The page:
Pongakawa dairy farmers Ann and Will Nettleingham have swapped out cows for trees in the past two years and provide an inspiring example of a pathway to mixed land use that ensures their farm remains viable and environmentally sustainable.
The couple opened up their property to 80 farmers, foresters and growers to visit as part of their participation in the Wai Kōkopu catchment group, covering 35,000 hectares of land behind the heavily polluted Little Waihi Estuary, near Maketu.
The catchment is one of the most environmentally challenged in New Zealand, requiring a 70% reduction in nitrogen and 40% drop in phosphate losses, with E coli also a major problem in waterways.
After years of consolidating land titles, increasing cow numbers, and using nitrogen to fill feed holes, Ann Nettleingham said, the farm peaked as a high-pressure unit, milking 750 cows twice a day across the entire 250ha, which includes steep, 30-degree-plus slopes.
“It was high pressure for a lot of the time, on the cows, the people and the environment.”
A forced move to once-a-day milking five years ago helped bring a more holistic, relaxed pace to the operation, and the move to plant more trees and cut herd numbers has taken it a step further.
In the past two years cow numbers have been cut back from 750 to 440, and under a 2022 planting programme, pine, redwood and mixed natives were planted, totalling 30ha and taking the total planted area to 67ha.
The plantings are dominated by carbon-generating pines, comprising about half the planted area, along with redwoods and 8ha of planted natives alongside 18ha of existing native trees.
“With the forestry, we have been dropping our cow numbers from that peak of 700 down to 456, basically reinvesting the money from those cows back into the trees,” Ann said.
The couple have also identified 38ha of land suitable for kiwifruit development, to occur when returns improve in the near future.
The couple’s inspiration for their transition came in part from Wai Kōkopu founding member John Burke’s enthusiasm and proven track record of native planting on his own award-winning farm.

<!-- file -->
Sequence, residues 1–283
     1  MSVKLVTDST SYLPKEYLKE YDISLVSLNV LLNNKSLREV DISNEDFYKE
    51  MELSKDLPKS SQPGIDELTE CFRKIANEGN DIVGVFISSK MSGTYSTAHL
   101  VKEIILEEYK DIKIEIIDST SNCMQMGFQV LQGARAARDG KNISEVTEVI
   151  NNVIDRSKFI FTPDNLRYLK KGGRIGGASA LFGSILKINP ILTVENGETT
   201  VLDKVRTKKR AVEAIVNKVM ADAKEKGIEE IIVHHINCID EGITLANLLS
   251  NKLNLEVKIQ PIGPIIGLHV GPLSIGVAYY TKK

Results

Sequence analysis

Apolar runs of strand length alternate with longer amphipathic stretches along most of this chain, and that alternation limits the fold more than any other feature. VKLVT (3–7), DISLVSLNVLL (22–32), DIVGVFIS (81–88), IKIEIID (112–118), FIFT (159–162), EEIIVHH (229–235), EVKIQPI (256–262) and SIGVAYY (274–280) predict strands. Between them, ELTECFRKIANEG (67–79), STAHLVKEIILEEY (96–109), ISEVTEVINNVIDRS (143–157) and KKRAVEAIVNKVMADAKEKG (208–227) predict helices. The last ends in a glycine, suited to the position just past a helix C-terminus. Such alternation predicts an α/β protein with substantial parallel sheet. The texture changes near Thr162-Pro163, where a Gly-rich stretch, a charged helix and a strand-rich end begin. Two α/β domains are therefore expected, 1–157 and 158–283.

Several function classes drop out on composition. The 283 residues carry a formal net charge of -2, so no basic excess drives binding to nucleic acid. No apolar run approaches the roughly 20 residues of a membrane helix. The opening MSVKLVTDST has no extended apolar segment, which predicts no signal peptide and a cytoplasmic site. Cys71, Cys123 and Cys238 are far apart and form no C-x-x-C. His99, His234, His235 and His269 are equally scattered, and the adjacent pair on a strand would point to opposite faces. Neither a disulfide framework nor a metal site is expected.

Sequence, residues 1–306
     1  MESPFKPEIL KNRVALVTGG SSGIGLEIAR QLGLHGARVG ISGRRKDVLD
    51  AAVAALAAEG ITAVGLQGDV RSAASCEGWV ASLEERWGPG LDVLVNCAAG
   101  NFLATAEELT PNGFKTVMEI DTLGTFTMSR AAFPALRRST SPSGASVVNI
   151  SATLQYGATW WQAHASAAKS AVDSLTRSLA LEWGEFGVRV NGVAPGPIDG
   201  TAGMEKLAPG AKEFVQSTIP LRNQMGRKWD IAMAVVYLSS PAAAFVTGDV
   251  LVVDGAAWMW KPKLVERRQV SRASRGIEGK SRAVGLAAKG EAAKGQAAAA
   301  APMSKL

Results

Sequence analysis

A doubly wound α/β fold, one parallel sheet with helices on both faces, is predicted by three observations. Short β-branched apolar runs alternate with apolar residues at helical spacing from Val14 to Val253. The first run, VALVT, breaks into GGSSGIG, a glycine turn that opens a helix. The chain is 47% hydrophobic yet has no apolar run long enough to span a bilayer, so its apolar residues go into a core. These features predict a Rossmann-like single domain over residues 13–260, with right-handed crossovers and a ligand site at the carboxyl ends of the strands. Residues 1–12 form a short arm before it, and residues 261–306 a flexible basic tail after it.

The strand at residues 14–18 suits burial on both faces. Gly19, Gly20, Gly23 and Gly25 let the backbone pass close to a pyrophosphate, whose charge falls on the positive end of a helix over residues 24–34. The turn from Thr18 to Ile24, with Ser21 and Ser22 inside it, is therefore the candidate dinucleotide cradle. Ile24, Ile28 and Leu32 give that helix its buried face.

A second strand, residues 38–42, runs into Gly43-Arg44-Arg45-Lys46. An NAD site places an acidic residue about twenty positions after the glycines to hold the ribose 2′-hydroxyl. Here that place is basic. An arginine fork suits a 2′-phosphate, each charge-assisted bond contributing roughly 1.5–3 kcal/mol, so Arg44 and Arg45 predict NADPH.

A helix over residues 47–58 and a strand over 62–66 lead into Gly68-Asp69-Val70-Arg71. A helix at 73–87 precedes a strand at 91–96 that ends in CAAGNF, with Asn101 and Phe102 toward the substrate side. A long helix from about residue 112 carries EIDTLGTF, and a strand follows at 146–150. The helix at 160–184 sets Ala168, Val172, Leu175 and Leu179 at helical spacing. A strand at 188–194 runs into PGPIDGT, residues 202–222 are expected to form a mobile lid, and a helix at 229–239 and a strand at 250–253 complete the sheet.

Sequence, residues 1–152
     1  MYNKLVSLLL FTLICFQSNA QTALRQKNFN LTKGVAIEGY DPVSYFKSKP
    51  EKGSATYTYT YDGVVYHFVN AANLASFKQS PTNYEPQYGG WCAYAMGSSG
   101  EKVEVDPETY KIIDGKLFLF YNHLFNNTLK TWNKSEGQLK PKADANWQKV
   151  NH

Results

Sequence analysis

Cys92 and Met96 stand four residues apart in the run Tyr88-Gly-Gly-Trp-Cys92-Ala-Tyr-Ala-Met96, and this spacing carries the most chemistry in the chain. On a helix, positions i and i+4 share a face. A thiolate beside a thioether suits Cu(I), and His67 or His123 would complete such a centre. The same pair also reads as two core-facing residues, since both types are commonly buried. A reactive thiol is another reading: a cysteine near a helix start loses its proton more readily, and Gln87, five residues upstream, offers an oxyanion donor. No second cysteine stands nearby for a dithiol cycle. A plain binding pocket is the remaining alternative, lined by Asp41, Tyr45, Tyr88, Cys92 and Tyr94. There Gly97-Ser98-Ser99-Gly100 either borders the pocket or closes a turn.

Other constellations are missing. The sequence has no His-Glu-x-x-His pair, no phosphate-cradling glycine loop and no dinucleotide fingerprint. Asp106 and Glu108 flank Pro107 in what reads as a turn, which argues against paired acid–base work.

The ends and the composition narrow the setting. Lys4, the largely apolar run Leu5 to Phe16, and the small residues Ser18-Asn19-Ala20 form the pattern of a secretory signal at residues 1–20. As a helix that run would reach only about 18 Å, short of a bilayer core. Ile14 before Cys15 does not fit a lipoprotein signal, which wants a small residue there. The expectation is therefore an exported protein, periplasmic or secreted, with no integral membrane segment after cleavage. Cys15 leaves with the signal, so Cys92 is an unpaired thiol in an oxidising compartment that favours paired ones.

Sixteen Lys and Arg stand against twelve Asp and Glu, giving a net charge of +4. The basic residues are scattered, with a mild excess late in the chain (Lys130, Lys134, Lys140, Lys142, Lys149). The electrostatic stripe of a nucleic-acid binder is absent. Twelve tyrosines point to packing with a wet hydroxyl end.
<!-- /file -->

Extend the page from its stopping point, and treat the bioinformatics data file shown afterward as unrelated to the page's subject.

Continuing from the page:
Input from expert forester Graham West also helped determine the most effective way to plant the pines to ensure they are efficient at slowing surface water flow, while continuing to grow grass in the valleys for the cows.
Contour planting, as opposed to running lines of pine straight from ridge to valley, will also lend a greater aesthetic to the trees as they mature.
West said putting the trees into the Emissions Trading Scheme to get carbon-averaged cashflow also makes the move easier. If government meddling in the scheme were less, there would be more farmers inclined to embark on a transition like the Nettlinghams’, he said.
“There will be no environmental benefit for four years from the pines, but in that time they will grow like mushrooms, and by year six will be slowing 40% of rainfall runoff.”
West acknowledged many landowners may be “anti-pine”, but at $1600 a hectare planting cost they remain the most cost-effective, rapid-growing solution to sequester carbon and improve water slope runoff.
“They have this amazing ability to grow almost anywhere on any slope in NZ. Scientists are only just starting to understand why this is and how its root system enables it.”
West dismissed claims pines would collapse after 30 years, pointing to stands in Kaingaroa Forest that have existed for 100 years, and other long-lived stands in Wellington city.
The economics of the move for the Nettlinghams also look positive.
Modelling by agricultural economist Phil Journeaux highlighted how per-cow production has increased by 22% from the original farm operation. Total earnings are up 33%, and greenhouse gases emissions are down by a third, as are nitrogen losses.
Based on those numbers, catchment group operations manager Alison Dewes challenged farmers to reconsider whether putting stock on steeper country was in fact the right move.